Police departments across the country are equipping officers with body-worn cameras as a way to cut down on complaints from aggrieved suspects.
Tucson is considering joining them.
Every year for the past decade, the Tucson Police Department has averaged about 1,000 complaints against its officers.
Tucson Police Department Assistant Chief John Leavitt said body-worn cameras could dramatically lower those numbers as they have in cities that already implemented them.
One study involving the Rialto, Calif., Police Department discovered that complaints against police officers dropped 88 percent and use of force by an officer dropped by almost 60 percent after the agency instituted the use of body-worn cameras, according to a New York Times article.
While lowering complaints is one of the reasons TPD is looking at the technology, it’s not the biggest.
Leavitt said body-worn cameras are increasingly becoming a part of everyday police work. And it won’t be long until every department in the country will implement the technology in one form or another.
It’s a change that offers a lot of promise and a lot of problems.
One of the problems is which company and technology will become the standard.
Currently, dozens of companies are vying for dominance in the potentially lucrative market.
“It’s just like the VHS and the Sony Beta,” Leavitt said. “Who comes out on top is a big issue.”
With so many options now, TPD wants to get ahead of the curve so its choices aren’t dictated by who wins or loses in the marketplace.
“We want to have some control over how this technology is applied so it best serves our community,” Leavitt said.
The department hasn’t started accepting bids yet. But he expects to have offers within the next 90 days.
Another concern is civil liberties.
Unlike police dashboard cameras, which capture images in public places, the body-worn variety will be brought into private homes and graphic crime scenes.
James Lyall, staff attorney with the American Civil Liberties Union of Arizona Tucson office, said the ACLU supports the move, but police departments and elected officials will have to implement safeguards so the voluminous amounts of new video aren’t abused.
“On one hand, you want it maintained long enough for it to be used in an investigation or if there are allegations of wrongdoing,” Lyall said. “But you also don’t want the police keeping broad video-footage of the entire population for limitless periods of time.”
Lyall said as long as privacy concerns are factored into any department’s decisions, the move should produce more positives than negatives.
Leavitt said the department is well aware of the potential hazards this footage presents.
“There certainly is a prurient interest in America in the private lives of our bothers and sisters,” Leavitt said.
“We have been pretty good guardians of that information in the past. We anticipate in this process real challenges to that. But we have no interest in allowing voyeurs access to the private lives of the people we serve.”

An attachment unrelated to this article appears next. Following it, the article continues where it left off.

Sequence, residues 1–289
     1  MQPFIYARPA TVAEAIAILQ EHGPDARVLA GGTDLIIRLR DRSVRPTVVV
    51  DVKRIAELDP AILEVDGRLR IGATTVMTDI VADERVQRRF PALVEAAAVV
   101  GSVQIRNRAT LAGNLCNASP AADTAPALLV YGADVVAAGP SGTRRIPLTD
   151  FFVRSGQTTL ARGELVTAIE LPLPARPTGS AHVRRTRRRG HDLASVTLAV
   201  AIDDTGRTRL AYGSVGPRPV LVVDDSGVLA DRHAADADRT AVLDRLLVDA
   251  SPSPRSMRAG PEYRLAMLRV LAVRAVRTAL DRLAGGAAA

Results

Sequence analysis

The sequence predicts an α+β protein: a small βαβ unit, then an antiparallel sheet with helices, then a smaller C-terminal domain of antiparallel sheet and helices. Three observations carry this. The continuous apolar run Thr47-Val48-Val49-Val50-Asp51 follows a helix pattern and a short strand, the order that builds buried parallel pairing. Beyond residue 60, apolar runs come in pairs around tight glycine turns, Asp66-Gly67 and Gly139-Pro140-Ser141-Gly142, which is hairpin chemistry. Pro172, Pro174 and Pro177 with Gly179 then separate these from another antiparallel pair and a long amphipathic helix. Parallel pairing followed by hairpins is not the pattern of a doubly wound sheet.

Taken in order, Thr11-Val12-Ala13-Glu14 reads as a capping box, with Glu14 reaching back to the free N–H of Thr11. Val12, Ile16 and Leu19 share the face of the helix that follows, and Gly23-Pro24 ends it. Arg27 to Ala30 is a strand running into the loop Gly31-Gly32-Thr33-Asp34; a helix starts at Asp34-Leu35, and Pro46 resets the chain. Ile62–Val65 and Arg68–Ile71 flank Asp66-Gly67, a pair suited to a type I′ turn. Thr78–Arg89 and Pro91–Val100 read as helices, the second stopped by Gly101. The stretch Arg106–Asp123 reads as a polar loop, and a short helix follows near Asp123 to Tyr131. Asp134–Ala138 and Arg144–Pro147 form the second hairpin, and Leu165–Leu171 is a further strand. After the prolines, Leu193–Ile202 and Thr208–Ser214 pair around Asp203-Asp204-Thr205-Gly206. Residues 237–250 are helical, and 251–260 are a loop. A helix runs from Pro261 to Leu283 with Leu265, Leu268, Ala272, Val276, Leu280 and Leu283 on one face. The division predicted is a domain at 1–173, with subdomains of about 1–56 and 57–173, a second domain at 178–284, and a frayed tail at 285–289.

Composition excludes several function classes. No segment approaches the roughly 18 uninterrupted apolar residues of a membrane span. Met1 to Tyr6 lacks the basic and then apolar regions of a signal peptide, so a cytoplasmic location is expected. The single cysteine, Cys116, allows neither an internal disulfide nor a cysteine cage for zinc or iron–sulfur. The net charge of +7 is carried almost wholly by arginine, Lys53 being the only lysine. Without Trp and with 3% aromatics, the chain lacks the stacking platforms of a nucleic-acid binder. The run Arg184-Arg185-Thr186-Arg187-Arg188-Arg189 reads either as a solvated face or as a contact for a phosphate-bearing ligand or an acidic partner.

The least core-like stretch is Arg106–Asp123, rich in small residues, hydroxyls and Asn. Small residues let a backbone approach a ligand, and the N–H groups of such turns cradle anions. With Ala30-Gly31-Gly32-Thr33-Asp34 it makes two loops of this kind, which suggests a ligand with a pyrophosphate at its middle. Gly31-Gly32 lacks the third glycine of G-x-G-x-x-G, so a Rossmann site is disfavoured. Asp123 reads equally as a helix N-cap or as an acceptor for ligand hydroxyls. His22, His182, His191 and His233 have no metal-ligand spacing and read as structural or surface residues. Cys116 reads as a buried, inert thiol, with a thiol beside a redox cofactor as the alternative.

Leavitt said the department has a preliminary plan in place to determine what gets released and what gets held when the media or private citizens make public-record requests.
“If you have a right to be there as a reporter or as a citizen, then we will study the video and redact it appropriately,” Leavitt said. “But if we’re in someone’s house at 3 a.m. investigating a crime, we’re very likely to not release that video to press requests because the reporter wouldn’t have a right to be inside” that house.
Leavitt said existing court decisions support the TPD’s position.
“We consider it to be settled law in that area, and we think that privacy in people’s home is paramount,” Leavitt said. “We anticipate we will go down a path that vigorously protects the privacy of victims ... and witnesses.”
He concedes countless wrinkles will need to be ironed out with both the technology and the legalities, which is why TPD is closely monitoring the successes and failures in other police departments.
Right now, the department is estimating it will cost about $300,000. Most of the costs are associated with storing data and operating the back-end system.
But Leavitt said that is only a working number and will probably change once the bids start rolling in and more research is completed.
Critics contend the cash-strapped department should spend the money to replace deteriorating equipment.
“We have no idea yet how much other infrastructure will be needed to support the cameras. If it’s going to be used as evidence, we will have to maintain a secure chain of custody, maintain it on secure servers, have capacity out the ying-yang to support storing all of it, and qualified personnel to monitor it,” said Councilman Steve Kozachik.
“That’s a lot of unknowns, and a lot of money to spend when we have immediate needs on the street that should be funded. ... And if we have extra cash for video, spend it proactively on new safety vests for our cops, or funding ammunition for them to use at the practice range.”
Leavitt said that while the new system is expensive, it’s not significantly more than the dashboard camera system in use the past two decades. He said body-worn cameras offer potential savings such as officers filing video directly instead of writing up reports for nonservice calls, among other activities that could offset some of the costs.